Feral freshwater crayfish: ideal food

The Redclaw is found in abundance in SA’s rivers and provides a lucrative income, while taking pressure off our ocean’s stock. Lindi van Rooyen reports.

Feral freshwater crayfish: ideal food
- Advertisement -

The Redclaw (Cherax quadricarinatus) is a species of freshwater crayfish native to Australia, but an extensive uncultivated population is found in the Nkomazi region of Mpumalanga. Research is now being conducted to determine the viability of producing Redclaw commercially in warm waters in South Africa. The species has evolved to tolerate a relatively high population density and poor quality water. This makes it a highly attractive aquaculture prospect.

Independent researcher Isabel de Winnaar says that if the feral crayfish in Nkomazi could be farmed, this could reduce pressure strain on the ocean-based crayfish stock. Redclaw could also be a cheap protein source and provide employment opportunities. However, legislative restrictions such as the Mpumalanga Nature Conservation Act hinder the utilisation of this species.

“Currently, South African law prohibits commercial farming of Redclaw because it’s considered an invasive, alien species that is apparently a threat to our biodiversity. But we’re consulting with government to change this,” says De Winnaar. “At present Redclaw is being relocated all over the country without any control and we believe that a management plan is needed to handle the species.”

- Advertisement -

Tolerant of brackish water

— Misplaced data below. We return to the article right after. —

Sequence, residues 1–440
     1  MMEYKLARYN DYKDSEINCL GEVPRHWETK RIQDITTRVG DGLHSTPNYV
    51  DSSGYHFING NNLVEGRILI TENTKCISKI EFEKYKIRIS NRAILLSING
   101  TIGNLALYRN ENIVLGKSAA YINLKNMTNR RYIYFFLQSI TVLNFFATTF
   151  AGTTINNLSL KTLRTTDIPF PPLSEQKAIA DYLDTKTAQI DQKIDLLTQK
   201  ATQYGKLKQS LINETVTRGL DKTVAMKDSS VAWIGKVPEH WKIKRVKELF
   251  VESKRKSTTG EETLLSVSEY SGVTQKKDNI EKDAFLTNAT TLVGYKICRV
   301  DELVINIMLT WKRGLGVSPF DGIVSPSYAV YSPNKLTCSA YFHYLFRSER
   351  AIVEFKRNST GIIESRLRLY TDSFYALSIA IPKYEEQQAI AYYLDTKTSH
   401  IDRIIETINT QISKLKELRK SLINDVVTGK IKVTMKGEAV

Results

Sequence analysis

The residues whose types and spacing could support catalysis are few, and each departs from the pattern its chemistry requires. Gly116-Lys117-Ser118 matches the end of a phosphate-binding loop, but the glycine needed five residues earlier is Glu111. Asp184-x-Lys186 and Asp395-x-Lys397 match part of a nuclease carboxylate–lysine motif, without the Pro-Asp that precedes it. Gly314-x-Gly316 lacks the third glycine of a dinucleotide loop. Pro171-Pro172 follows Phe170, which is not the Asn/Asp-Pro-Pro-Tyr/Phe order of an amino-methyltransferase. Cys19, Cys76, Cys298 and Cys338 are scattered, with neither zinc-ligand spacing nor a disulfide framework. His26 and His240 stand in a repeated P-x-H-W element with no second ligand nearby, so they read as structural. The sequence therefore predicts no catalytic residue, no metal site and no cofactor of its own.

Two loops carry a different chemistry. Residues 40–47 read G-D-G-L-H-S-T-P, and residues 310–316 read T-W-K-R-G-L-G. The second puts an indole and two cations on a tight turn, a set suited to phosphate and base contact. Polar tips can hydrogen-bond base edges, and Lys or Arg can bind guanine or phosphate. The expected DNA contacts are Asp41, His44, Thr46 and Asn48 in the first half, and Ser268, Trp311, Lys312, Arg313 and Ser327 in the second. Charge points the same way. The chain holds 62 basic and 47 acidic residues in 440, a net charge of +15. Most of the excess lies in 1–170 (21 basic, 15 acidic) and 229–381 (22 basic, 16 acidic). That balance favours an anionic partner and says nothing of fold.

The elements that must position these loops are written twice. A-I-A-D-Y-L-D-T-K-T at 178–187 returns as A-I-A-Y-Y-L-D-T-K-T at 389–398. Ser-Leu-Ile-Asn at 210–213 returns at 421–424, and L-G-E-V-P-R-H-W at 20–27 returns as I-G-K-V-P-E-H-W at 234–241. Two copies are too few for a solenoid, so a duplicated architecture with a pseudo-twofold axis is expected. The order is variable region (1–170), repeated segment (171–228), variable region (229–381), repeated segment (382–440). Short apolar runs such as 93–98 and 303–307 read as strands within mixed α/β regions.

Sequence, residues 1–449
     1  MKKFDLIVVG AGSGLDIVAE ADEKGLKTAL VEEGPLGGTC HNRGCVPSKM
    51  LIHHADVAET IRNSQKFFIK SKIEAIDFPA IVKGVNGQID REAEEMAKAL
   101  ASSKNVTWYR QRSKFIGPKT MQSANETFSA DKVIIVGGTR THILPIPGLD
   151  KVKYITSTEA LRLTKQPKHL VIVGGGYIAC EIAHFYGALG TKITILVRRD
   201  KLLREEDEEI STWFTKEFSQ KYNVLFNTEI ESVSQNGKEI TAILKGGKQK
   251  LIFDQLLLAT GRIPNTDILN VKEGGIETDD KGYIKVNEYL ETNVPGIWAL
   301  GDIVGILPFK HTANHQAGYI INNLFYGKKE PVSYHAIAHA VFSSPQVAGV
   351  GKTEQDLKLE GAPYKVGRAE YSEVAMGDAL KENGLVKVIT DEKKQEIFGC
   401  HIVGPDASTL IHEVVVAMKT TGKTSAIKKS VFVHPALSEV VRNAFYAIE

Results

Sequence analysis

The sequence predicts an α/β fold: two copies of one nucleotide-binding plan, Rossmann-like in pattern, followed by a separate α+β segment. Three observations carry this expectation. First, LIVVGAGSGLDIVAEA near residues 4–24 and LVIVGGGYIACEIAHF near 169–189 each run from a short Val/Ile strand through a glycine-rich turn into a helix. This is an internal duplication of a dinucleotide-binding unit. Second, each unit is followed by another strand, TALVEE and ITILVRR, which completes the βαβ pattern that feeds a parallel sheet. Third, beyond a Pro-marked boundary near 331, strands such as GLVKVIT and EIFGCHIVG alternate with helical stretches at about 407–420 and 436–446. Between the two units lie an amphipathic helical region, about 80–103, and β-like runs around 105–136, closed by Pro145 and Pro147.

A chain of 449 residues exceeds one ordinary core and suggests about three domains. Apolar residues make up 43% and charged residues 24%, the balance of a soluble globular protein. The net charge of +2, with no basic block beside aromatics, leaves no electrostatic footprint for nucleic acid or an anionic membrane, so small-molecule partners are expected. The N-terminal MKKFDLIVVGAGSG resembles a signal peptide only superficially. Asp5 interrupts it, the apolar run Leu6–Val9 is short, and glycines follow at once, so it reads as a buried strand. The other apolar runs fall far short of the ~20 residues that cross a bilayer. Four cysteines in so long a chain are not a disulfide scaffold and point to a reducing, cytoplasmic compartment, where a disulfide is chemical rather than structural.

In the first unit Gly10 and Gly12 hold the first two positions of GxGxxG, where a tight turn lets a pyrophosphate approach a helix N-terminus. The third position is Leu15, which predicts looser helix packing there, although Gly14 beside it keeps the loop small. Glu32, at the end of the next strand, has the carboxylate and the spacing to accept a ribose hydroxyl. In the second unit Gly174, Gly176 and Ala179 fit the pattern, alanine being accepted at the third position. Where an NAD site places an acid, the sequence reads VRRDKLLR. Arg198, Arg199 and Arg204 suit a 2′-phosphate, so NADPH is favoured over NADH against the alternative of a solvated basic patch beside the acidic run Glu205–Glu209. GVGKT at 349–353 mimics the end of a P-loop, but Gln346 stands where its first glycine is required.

Redclaw grow well over a broad temperature range, but optimal growth occurs between 26°C and 29°C. It also shows tolerance to salinity as high as 12ppt (parts per thousand) for extended periods. According to De Winnaar, this is advantageous for commercial production for two reasons.

Aquaculture in mildly brackish water may be possible and a final purging in saltwater prior to marketing can be performed if market requests it,” she explains.She adds that the Redclaw has a very simple life-cycle and the technology needed to manage this life cycle is correspondingly basic. Brood stock could be sourced from wild stocks and genetic selection and domestication of farm stocks could increase growth rates and yields by as much as 10% per generation.

A disadvantage of freshwater crayfish is their relatively low fertility rate. They produce as few as 300 eggs per spawn, whereas ideal rates are 500 eggs or higher. Redclaw can, however, spawn up to three times a year if the conditions are right. “Through selection, it’s possible to select for higher egg capabilities per individual female,” says De Winnaar.
Under optimal pond conditions, the species can grow from hatching to the smallest marketable size (30g) within four months. Maximum adult size is about 500g.

Although Redclaw will tolerate a range of water quality conditions, rapid growth and commercial viability will only be achieved if water quality is managed and maintained within optimal ranges. “Careful record-keeping, a little knowledge of water chemistry or sound advice and some experience are all that’s required,” says De Winnaar. She explains that Redclaw are not fussy eaters. Omnivores, they will consume a variety of organic matter.